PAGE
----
Years ago, in the last century, game was played by kids during class hours to keep themselves occupied or to get away from the boredom of listening to the teachers. One that was even more enthralling and exciting than Today’s T20. A game that suddenly vanished, or the mantle was never passed on the next generation.
Many of you might not have heard of this game. The Game was called Book Cricket.
The game involved a large book being randomly opened and the last digit of the page number was the accounted as the runs scored. 2, 4 and 6 counted as they were, and 8 counted as 1 run. A page number ending in 0 was of course out. Games were always nerve wracking as books were yanked open with full vigour and with complex strategies being played out between opponents. Students used to borrow books from the library just because they were bulky and was a perfect pitch for Book Cricket. And the books were returned to the library in a totally battered state.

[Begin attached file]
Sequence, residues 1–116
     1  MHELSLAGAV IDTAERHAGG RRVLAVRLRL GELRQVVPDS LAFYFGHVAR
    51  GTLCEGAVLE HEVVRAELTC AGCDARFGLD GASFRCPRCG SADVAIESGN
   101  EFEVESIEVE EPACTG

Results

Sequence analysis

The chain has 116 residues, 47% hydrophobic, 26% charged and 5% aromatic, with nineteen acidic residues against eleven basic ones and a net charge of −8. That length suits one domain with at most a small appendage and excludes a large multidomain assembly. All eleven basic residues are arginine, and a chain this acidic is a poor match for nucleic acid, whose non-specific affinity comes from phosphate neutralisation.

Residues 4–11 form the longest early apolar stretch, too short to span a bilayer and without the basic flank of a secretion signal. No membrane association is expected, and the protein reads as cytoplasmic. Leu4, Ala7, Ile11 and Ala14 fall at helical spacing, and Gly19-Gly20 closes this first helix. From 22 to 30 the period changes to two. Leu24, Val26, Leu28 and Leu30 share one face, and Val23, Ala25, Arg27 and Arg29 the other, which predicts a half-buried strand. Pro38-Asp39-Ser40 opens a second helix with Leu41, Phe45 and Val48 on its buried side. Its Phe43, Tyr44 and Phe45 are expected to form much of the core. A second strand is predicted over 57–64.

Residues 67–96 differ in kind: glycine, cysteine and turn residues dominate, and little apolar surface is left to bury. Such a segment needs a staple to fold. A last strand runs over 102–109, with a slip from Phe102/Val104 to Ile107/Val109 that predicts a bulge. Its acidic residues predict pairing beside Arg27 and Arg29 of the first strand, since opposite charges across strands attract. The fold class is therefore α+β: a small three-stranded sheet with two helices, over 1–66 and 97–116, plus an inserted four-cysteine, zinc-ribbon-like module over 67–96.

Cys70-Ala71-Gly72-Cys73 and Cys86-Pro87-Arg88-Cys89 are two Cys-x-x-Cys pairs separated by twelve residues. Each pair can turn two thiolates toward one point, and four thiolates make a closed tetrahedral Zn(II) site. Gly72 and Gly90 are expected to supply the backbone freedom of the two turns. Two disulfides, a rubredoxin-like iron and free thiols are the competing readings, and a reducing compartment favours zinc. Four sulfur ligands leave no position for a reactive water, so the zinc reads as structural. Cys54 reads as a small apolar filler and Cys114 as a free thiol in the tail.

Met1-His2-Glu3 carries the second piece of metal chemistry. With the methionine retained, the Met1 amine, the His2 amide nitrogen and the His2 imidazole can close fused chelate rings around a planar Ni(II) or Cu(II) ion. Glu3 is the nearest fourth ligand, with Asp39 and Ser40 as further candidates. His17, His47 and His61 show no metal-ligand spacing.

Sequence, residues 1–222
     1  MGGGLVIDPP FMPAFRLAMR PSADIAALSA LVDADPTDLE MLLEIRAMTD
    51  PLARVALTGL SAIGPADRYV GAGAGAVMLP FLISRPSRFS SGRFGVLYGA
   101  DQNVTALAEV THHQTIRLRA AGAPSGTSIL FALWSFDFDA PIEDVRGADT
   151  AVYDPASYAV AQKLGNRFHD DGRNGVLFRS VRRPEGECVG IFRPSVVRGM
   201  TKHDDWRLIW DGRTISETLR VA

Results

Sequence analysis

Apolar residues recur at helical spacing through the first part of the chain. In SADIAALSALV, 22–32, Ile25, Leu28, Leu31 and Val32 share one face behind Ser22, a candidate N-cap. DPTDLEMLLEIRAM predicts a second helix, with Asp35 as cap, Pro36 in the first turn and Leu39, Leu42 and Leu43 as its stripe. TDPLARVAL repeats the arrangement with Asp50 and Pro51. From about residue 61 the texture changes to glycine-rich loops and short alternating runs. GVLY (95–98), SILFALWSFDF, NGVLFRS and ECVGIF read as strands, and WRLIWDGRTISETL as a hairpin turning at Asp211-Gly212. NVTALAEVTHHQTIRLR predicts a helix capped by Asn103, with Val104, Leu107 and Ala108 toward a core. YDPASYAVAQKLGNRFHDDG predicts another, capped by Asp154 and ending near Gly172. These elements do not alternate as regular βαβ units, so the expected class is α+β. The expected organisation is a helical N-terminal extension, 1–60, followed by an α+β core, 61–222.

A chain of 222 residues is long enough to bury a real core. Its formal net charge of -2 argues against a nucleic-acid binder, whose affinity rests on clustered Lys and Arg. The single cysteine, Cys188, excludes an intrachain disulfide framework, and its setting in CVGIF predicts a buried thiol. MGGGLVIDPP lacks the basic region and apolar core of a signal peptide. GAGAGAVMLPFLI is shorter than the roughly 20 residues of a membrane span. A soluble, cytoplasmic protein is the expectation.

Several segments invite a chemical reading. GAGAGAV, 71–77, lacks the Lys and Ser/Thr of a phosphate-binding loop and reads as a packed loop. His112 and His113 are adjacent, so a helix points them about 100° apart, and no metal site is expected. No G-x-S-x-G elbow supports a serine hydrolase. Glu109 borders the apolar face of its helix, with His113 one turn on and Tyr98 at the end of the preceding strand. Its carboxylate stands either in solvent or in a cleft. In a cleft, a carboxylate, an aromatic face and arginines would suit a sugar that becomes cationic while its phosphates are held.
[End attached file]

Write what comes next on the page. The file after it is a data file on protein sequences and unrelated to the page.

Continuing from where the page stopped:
There was also another game that was played during free class hours and during lunch sessions, called Pen(cil) fight.
This was more of a carrom like game, but instead of coins and strikers we had just two or three pen(cil)s and every player would strike at their pen(cil) ensuring that it dislodges the others over a designated boundary usually the corners of the tables.
Players would strike at their pen(cil)s with such precision, force that at times it would be their pen(cil) that actually bounces of the table. The game complies to the last man standing rule of course, here its the pen(cil). Each player had his own strategy and usually most of it would fail.
But no ardent fan of these sports have any clue as to where or how these games vanished. But it did.